Door into Summer
also looks at time travel in a situation where the traveler has an exactly even chance of going into the past or the future.

Isaac Asimov is better known for his Foundation stories and his tales of the Three Laws of Robotics, but he also wrote a thought-provoking novel of time travel both into the past and across varying realities in
The End of Eternity
—which, in a way, serves as the underpinning for all the other tales.

L. Sprague de Camp’s
Lest Darkness Fall
is a time-travel novel not in the school of
The Time Machine,
but rather of Mark Twain’s
A Connecticut Yankee in King Arthur’s
one that drops a modern man with all his modern knowledge into a medieval setting and challenges him to make the best of it. Unlike Twain’s protagonist, de Camp’s Martin Padway really is in sixth-century Rome, and establishes an alternate history by his success. De Camp’s “A Gun for Dinosaur” and the other tales of Reggie Rivers collected in
Rivers of Time
exploit one of the time-travel story’s favorite themes: using a time machine to go back into the past to look at and even to hunt animals extinct by the time humanity evolved. In
Genus Homo,
de Camp and P. Schuyler Miller used suspended animation as a time-travel device by which modern men could visit the future.

Poul Anderson’s “The Man Who Came Early” is another variant on the theme of a modern man trying to make the best of things in the past. Unlike the Twain and de Camp stories to which it is related, though, it is marked by Anderson’s strong sense of the tragic. Anderson, always a writer with a strong sense of history, used time travel in his novels
The Corridors of Time
(a sort of science-fiction companion to the fantasy
Hearts and Three Lions
) and
The Dancer from Atlantis.

Perhaps the bawdiest time-travel novel ever written is Robert Silverberg’s
Up the
. Silverberg notes that, as time travel becomes feasible for a longer and longer period, more and more travelers from the future will crowd back in time to visit such events as the Crucifixion, the opening of Hagia Sophia, or the Black Plague. Why, then, don’t these historical events grow ever more crowded with observers from their futures?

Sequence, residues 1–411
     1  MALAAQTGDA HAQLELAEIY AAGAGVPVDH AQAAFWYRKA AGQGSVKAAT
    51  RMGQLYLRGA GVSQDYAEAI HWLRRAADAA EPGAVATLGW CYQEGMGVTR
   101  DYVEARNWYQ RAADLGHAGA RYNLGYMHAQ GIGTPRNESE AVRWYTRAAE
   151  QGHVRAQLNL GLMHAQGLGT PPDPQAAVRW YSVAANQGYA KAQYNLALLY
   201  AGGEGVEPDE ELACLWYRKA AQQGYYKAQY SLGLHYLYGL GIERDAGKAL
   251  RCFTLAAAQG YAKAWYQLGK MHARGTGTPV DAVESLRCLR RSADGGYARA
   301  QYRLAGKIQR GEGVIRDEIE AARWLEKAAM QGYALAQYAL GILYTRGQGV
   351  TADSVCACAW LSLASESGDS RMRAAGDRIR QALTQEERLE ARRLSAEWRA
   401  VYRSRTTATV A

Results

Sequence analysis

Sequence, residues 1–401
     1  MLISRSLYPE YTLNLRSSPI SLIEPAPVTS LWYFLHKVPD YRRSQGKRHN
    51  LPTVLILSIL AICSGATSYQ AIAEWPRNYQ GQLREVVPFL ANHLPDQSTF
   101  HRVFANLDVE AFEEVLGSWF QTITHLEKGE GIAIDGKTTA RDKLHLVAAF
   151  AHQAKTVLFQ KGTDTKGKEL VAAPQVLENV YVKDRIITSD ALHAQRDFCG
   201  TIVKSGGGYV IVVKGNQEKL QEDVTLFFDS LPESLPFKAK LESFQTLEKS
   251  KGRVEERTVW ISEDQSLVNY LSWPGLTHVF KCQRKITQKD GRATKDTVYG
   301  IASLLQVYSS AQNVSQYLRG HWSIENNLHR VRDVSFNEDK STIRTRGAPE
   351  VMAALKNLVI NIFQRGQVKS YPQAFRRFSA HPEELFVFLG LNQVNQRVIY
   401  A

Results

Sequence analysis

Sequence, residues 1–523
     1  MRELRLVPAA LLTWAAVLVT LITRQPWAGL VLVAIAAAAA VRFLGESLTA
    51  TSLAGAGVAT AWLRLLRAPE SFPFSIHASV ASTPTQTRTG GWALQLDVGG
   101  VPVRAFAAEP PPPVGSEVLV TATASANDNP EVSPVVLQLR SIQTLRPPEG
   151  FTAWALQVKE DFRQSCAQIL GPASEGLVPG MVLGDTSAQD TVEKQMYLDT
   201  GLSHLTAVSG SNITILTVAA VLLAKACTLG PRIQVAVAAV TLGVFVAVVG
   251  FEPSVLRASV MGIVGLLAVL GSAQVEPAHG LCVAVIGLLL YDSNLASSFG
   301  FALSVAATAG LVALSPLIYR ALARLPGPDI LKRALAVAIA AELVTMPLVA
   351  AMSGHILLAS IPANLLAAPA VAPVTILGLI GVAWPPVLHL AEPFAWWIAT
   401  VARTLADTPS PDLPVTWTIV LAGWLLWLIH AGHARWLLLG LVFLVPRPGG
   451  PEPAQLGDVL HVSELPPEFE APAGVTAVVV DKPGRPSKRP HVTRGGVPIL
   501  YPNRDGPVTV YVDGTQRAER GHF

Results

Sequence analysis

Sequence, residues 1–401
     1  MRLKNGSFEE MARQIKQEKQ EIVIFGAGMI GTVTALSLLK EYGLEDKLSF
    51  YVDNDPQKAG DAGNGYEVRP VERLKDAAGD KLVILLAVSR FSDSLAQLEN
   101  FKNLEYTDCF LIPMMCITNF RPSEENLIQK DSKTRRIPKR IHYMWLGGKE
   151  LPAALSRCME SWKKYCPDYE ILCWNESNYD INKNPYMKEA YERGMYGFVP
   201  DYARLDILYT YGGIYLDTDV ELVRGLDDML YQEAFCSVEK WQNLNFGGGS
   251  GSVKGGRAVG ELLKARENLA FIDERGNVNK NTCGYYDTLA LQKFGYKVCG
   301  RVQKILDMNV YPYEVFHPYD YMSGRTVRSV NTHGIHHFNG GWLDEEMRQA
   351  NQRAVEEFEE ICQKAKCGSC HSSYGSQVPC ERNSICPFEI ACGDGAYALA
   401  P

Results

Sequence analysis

His answer is that they do, though just what the locals do about this is not always quite so clear.

One time-travel theme that has perhaps never quite been successfully brought off is a reversal of the time stream, so that it begins to flow from future to past rather than the other way around. Fritz Leiber’s “The Man Who Never Grew Young” perhaps comes closest; several others have tried at novel length, also with results less than they might have hoped. The challenge there remains for writers yet to come.

Time travel as a vast, secret government project intended not just for exploration but also to change the past for the benefit of the government doing the sponsoring is a common theme of these stories, and has perhaps grown more common as governments have grown larger and less easily controlled by the people they rule. One of the best of these tales is Jack Finney’s
Time and Again,
which seems only to have grown more relevant in the generation and a half since it appeared. It is beautifully written, beautifully researched, beautifully illustrated, and very well thought through. Its sequel,
From Time to Time,
unfortunately does not quite measure up to the high standard it set.

Another novel with a related theme, though much grittier and more cynical, is Joe Haldeman’s
All My Sins Remembered
. Because of his indoctrination and training, the protagonist has a great many sins indeed to remember. The book, which dates from near the time of the Watergate scandal, is a devastating indictment of those who do things allegedly for other people’s good.

Another theme often used in time-travel tales is that of the time traveler from the future who comes back to the present for his or her own nefarious purposes and has to be thwarted by moderns with technological resources small compared to those of the villain. A good recent example is S. M. Stirling’s